A 30-day-ahead forecast method has been developed for grass pollen in north London.
The total period of the grass pollen season is covered by eight multiple regression
models, each covering a 10-day period running consecutively from 21 May to 8 August.
This means that three models were used for each 30-day forecast. The forecast models
were produced using grass pollen and environmental data from 1961 to 1999 and tested
on data from 2000 and 2002. Model accuracy was judged in two ways: the number of times
the forecast model was able to successfully predict the severity (relative to the
1961-1999 dataset as a whole) of grass pollen counts in each of the eight forecast
periods on a scale of 1 to 4; the number of times the forecast model was able to predict
whether grass pollen counts were higher or lower than the mean. The models achieved
62.5% accuracy in both assessment years when predicting the relative severity of grass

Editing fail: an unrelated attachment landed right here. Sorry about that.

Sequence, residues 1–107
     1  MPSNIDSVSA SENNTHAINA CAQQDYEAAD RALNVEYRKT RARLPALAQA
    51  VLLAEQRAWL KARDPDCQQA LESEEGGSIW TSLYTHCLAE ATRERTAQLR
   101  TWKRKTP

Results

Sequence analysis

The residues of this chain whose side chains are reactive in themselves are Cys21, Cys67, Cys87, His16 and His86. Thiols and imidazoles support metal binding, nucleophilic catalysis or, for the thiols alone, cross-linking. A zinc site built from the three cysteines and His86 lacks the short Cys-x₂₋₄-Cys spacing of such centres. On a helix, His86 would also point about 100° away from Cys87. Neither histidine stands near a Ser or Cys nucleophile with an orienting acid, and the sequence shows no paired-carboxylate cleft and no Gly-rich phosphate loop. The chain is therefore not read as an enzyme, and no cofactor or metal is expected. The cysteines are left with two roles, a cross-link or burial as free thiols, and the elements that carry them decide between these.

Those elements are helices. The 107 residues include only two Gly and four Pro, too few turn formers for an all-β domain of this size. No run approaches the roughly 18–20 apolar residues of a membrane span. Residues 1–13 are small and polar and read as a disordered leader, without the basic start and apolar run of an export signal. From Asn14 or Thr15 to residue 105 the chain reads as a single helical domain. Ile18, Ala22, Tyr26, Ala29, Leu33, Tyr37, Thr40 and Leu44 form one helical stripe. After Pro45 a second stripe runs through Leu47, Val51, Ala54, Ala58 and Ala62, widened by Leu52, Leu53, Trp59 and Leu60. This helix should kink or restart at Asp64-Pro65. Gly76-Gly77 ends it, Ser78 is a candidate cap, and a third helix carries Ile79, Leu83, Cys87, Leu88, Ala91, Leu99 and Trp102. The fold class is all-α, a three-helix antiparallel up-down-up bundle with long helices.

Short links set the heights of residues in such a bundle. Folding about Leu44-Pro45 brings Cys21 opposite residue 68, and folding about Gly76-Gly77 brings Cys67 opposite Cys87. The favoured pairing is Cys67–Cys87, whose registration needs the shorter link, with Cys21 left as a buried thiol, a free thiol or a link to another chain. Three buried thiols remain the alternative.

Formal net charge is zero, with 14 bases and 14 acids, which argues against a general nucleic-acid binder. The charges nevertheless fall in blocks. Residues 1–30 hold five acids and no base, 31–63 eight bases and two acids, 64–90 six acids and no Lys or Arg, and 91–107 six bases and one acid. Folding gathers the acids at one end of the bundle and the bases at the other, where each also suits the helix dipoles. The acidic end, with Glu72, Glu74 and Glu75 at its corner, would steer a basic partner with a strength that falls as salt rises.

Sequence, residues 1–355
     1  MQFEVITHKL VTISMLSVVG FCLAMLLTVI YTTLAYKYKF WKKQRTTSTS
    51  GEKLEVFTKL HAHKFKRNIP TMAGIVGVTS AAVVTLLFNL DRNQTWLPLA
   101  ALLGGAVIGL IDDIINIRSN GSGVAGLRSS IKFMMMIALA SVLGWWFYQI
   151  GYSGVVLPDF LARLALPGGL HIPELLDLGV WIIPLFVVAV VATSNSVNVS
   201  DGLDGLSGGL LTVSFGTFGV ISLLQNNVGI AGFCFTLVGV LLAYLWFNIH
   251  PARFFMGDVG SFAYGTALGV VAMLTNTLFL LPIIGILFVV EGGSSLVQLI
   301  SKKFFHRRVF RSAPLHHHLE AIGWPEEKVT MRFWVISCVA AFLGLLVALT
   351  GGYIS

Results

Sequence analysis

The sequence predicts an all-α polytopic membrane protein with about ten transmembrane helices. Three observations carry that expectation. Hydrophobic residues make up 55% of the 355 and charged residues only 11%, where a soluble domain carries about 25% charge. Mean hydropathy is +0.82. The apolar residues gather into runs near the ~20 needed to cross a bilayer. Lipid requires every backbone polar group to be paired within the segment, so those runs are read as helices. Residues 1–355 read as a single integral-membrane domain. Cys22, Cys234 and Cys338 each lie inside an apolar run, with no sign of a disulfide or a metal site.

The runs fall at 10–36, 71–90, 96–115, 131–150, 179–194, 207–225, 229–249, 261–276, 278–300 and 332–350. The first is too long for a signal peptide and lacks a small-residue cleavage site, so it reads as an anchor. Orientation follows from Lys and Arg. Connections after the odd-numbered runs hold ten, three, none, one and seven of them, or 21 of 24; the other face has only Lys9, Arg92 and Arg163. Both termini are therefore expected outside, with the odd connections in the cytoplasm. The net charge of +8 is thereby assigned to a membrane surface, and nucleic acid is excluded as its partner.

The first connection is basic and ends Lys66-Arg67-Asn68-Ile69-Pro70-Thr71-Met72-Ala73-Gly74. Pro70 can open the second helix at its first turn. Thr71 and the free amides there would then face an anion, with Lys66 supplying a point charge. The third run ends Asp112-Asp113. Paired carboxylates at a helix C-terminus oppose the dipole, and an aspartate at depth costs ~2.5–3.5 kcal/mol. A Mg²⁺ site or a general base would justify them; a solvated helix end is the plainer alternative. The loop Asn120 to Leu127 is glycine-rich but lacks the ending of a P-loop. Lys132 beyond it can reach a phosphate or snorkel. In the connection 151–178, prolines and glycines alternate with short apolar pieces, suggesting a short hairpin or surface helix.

pollen counts on a scale of 1 to 4, which equates to six of the eight 10-day periods
being forecast correctly. The models attained 87.5% and 100% accuracy in 2000 and
2002, respectively, when predicting whether grass pollen counts would be higher or
lower than the mean. Attempting to predict pollen counts during distinct 10-day periods
throughout the grass pollen season is a novel approach. The models also employed original
methodology in the use of winter averages of the North Atlantic Oscillation to forecast
10-day means of allergenic pollen counts.